If classic country music from the 60s and 70s with a comedic edge is your thing, you’ll love Trailer Radio. Just speaking for the music, their new album is excellent: the rhythm section of bassist Joe Ongie and drummer Kenny Soule swings, and the band’s two guitarists David Weiss and Mike Dvorkin are an encyclopedia of smartly chosen C&W and soul licks. Not all the songs here are funny, but the ones that are really hit the spot.
If country radio still played country music, the album’s opening track, Football Widow would be a monster hit. It sounds like something Tom T. Hall might have written for somebody like, say, Lynn Anderson, about 40 years ago. Musically, it’s a throwback to the Bakersfield sound of ten years before that, with upbeat honkytonk lead guitar intertwined with pedal steel. Frontwoman Shannon Brown’s bright twangy delivery makes it clear that she won’t accept defeat – and as the song goes on, she gets even. The second track, A Little Too Old and a Lot Too Ugly is cruel, and hilarious, and spot-on: it’s an anthem for any woman who’s had to fend off old Viagroid geezers in bars. It’s also got some sweetly multitracked 12-string and acoustic guitar, too.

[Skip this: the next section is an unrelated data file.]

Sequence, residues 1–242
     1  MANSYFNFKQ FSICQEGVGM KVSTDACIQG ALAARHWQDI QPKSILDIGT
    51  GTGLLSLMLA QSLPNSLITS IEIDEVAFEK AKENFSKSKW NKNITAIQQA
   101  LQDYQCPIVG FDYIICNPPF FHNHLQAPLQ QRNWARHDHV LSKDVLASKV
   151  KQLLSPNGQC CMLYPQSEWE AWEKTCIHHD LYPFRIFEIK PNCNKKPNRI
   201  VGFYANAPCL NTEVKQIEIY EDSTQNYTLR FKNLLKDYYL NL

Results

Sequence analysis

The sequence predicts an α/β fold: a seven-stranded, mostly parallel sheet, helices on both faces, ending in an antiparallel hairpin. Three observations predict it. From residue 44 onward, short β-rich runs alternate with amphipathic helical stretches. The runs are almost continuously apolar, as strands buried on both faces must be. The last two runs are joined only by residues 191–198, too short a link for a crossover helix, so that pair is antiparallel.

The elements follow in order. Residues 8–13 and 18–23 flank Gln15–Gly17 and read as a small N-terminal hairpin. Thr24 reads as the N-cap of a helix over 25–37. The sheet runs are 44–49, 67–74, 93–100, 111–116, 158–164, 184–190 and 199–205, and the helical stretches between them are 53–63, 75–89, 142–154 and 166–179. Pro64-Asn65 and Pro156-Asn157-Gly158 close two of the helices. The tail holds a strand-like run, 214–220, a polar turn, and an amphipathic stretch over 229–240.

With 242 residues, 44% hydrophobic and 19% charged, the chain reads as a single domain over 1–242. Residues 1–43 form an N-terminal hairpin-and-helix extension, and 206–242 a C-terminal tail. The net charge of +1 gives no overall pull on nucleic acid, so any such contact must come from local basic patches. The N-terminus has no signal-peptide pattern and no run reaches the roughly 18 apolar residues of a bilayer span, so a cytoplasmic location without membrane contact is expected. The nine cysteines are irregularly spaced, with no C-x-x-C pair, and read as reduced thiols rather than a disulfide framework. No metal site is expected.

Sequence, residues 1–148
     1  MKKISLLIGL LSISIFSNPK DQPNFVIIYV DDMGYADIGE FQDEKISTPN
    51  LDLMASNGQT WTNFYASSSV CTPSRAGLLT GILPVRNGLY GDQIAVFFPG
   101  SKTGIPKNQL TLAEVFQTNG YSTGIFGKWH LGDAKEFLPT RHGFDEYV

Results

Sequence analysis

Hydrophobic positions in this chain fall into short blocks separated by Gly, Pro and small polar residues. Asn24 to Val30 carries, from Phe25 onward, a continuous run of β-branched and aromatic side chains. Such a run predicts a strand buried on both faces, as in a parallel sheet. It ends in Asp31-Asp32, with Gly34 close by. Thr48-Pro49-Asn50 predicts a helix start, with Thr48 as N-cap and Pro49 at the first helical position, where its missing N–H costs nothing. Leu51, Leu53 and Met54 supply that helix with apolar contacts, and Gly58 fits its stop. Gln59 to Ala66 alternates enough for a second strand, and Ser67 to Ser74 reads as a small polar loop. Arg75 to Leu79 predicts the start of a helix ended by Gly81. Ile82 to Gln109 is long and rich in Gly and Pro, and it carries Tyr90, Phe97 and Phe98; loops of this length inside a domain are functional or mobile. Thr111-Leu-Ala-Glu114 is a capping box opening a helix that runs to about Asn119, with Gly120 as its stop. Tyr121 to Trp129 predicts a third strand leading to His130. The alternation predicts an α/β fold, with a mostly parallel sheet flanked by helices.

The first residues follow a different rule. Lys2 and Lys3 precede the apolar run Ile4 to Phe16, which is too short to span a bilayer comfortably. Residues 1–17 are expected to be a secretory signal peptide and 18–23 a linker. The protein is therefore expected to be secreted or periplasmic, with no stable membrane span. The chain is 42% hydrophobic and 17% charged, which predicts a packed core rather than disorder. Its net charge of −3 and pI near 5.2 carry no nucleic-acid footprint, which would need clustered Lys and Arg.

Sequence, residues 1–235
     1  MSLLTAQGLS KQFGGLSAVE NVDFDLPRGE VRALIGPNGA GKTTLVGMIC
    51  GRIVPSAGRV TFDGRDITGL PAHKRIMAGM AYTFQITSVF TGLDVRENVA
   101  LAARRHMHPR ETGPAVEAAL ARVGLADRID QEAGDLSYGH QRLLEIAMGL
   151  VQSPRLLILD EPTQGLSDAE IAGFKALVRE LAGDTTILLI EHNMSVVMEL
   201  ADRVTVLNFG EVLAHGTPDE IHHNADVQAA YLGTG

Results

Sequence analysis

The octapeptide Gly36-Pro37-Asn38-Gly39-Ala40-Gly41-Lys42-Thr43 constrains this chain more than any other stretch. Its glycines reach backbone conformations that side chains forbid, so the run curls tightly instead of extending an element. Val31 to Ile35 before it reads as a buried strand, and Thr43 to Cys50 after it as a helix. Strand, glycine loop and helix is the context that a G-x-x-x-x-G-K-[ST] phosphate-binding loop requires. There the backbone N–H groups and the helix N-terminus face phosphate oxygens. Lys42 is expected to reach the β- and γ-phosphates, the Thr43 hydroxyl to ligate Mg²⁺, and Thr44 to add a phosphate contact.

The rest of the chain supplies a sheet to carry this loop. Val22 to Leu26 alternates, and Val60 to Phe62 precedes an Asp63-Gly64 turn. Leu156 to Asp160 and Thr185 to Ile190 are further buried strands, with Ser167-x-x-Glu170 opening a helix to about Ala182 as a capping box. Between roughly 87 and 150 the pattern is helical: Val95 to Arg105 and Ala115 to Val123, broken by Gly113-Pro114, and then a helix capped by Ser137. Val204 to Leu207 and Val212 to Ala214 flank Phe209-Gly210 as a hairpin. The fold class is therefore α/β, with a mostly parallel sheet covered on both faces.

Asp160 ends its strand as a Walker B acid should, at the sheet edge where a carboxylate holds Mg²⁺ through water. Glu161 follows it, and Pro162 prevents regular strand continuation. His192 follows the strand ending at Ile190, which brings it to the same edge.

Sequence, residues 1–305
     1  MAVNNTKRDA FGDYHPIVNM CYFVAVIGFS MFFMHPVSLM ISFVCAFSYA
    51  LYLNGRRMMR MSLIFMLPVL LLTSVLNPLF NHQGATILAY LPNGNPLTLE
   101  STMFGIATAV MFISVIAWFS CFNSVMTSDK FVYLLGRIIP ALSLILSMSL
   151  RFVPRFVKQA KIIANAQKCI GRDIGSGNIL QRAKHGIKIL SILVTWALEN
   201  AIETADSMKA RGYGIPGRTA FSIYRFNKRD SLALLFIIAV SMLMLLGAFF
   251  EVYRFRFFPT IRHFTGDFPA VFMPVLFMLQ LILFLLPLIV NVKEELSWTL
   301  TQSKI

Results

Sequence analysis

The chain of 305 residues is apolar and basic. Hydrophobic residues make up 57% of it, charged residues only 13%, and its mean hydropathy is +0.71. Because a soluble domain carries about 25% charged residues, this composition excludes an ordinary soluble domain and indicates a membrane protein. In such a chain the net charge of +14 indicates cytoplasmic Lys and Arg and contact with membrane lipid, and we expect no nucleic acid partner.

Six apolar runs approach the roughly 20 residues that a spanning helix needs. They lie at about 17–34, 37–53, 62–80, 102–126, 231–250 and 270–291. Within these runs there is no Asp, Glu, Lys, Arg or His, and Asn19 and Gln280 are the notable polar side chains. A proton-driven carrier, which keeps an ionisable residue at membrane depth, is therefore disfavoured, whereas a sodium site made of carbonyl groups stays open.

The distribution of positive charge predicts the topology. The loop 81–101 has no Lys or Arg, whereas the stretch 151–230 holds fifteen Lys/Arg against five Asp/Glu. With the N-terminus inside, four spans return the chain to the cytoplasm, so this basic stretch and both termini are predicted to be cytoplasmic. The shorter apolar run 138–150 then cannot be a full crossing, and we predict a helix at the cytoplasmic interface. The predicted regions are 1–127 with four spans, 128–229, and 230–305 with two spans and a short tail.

Boll Weevil is a surreal, twisted Texas shuffle as Buck Owens might have done it; Southern Accents, a slow soul-infused ballad with more of those juicy, tremoloing, artfully layered guitar parts. With its Del Shannon style 50s rock vibe, He’s a Six is a thoughtful number about settling – and wine goggles – with some memorably surfy baritone-style guitar. The band follows that with Like a Train Left the Tramp, a joyously bouncy honkytonk kissoff song: “I took everything he had except his old guitar and his amp and I left him like a train left the tramp.”
Streets of Savannah is a detour into classic 60s soul music, pulsing along on a mellow Hendrix-influenced groove. I’m Not Leaving I’m Just Looking proves they’re just as good at western swing, then they rock out with the Stevie Ray Vaughan-style 11:59, Brown leaving no doubt that she’s had it up to here. The album winds up with Jack Daniels, a Stonesy rock song that explores the aftermath of overdoing it one too many times. How genuinely ironic that some of the best real country music around is being made in New York City. Trailer Radio’s next gig is on Jan 17 at 8 PM at the comfortable, laid-back Shrine in Harlem.